Thomas Jefferson Papers

Joseph C. Cabell to Thomas Jefferson, 23 January 1814

From Joseph C. Cabell

Richmond. 23d Jan: 1814.

Dear Sir,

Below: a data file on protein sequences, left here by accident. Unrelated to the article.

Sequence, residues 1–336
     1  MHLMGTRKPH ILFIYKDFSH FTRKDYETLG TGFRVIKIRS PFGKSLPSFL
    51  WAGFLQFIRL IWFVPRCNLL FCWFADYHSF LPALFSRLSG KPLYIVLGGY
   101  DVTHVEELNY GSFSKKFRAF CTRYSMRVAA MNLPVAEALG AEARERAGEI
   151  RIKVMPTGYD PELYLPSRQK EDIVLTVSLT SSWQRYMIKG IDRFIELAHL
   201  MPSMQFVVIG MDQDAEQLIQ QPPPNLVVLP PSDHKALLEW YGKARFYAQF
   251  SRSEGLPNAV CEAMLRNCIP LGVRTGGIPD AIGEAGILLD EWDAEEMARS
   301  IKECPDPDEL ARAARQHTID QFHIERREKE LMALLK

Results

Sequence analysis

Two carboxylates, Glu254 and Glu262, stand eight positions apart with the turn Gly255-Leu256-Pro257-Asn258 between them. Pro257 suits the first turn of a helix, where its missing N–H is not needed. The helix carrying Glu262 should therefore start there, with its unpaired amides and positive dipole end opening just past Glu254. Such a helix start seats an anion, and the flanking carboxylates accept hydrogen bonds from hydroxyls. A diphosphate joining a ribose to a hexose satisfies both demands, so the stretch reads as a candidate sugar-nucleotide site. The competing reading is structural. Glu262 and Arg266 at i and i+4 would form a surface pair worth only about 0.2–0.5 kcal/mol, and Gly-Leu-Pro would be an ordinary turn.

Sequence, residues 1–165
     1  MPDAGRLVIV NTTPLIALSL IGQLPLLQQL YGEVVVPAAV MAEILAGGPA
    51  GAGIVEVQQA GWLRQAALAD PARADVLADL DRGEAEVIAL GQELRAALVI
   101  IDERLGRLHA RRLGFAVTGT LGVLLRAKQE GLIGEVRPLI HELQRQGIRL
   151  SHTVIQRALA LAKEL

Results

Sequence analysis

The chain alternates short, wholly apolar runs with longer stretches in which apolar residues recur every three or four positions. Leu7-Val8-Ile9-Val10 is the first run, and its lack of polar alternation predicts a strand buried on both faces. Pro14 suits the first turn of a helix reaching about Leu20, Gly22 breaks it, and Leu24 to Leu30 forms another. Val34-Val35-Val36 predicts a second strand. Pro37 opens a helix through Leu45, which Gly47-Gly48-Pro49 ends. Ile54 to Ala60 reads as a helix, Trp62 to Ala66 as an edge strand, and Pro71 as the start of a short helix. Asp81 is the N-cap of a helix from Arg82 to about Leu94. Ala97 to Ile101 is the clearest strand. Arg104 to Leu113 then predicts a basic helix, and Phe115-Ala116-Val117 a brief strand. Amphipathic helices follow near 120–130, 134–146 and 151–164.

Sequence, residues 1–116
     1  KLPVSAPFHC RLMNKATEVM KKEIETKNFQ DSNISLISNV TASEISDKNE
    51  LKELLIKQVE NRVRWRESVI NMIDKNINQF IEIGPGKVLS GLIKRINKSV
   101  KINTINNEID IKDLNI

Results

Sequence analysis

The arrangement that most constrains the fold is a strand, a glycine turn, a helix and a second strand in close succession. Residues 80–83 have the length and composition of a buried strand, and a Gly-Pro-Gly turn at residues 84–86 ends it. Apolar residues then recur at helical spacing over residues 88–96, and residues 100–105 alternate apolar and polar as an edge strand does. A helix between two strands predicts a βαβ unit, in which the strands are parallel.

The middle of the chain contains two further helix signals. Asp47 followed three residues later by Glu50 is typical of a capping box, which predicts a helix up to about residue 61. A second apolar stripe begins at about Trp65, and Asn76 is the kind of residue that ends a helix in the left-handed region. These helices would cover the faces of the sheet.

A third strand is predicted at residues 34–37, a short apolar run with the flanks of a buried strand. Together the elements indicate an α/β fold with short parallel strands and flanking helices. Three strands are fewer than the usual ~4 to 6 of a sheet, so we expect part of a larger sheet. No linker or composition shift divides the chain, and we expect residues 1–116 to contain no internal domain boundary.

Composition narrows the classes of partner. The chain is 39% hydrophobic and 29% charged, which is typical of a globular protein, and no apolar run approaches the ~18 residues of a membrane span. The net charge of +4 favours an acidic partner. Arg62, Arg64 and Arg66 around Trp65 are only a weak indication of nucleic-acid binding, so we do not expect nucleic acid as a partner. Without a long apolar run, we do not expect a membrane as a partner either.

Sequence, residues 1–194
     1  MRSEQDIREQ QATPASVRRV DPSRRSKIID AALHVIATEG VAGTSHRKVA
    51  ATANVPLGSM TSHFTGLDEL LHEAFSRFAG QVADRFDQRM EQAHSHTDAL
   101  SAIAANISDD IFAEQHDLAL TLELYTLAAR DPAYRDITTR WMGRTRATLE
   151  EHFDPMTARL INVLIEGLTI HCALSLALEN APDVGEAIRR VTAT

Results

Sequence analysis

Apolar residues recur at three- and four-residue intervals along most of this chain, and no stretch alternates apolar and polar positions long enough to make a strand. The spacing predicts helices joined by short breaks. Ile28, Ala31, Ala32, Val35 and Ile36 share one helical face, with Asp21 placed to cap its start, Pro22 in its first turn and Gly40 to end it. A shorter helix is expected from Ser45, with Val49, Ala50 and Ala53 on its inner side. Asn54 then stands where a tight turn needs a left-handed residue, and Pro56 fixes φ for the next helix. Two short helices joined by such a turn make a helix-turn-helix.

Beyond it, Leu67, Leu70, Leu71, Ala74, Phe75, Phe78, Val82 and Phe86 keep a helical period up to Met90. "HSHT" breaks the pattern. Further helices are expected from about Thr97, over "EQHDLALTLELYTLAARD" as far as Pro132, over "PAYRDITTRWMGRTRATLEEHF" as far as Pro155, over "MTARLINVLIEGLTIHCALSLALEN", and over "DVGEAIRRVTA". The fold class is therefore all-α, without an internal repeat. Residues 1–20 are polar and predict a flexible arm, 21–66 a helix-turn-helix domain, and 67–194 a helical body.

The last mail from Charlottesville brought me your letter of 17th inst: accompanied by your three letters to mr Eppes on the subject of the ways & means of carrying on the war. Accept, I beseech you, my most sincere thanks for the communication of these papers which from the hasty perusal I have given them already promise me a fund of valuable & highly interesting matter. I shall observe your injunctions in regard to the use of them, and the time during which they may remain in my possession. They have come too late to produce any effect on the principal proceedings of our session in regard to Banks. The day the packet reached me, the senate voted for the Bill augmenting the Capital and extending the Charter of the Bank of Virginia. I was desirous to reduce the encreased capital from one million to half a million of dollars, but could not prevail. I have however brought myself under the lash of your censure by voting for this measure. I have thus voted from a wish thro’ the instrumentality of the Bank to aid the state in the prosecution of the war. I have of late years, come into the opinion of a limited well regulated system of Banking in Virginia, not so much from any fondness I have for the system in the abstract, as that I regard it as a sort of defensive system, imposed on us by the circumstance of our being a member of a confederacy, the other members of which have surrounded us with banks. In the language of the mountain Hunters, “I am for firing against their fire.” You have opened a vast horizon to my view. Indeed Sir, I most sincerely & heartily thank you for the high gratification you have given me in the perusal of these letters. A bill for the establishment of a small bank at Wheeling will probably come up to the Senate in a few days. On that occasion I shall1 avail myself of some of your ideas. I cannot now go into this subject, but will be extremely happy to resume it in conversation at a future day. You would add greatly to the obligations already conferred on me, if you would inform me by letter what is your opinion in regard to the2 Question, “Whether the Legislature of a state has a right under the federal Constitution to restrict the residence of a member of the House of Representatives to the district by which he is chosen”: and if your opinion should be in favor of the right, you would add greatly to the favor by stating the principal reasons on which your opinion is founded. This subject was agitated in the Assembly last winter: the Senate & the House of Delegates were opposed to each other on the question. I voted with the majority of the Senate agt the right of the Legislature. A review of my opinion leaves me in some doubt as to its correctness. The subject is now before the House of Delegates—and probably it will be two weeks before the upper House will be called upon to vote on it. I should be much pleased to hear from you before the vote is taken, and should it be your desire that your Letter should not be used, I will consider it a duty to hold it from the view of others: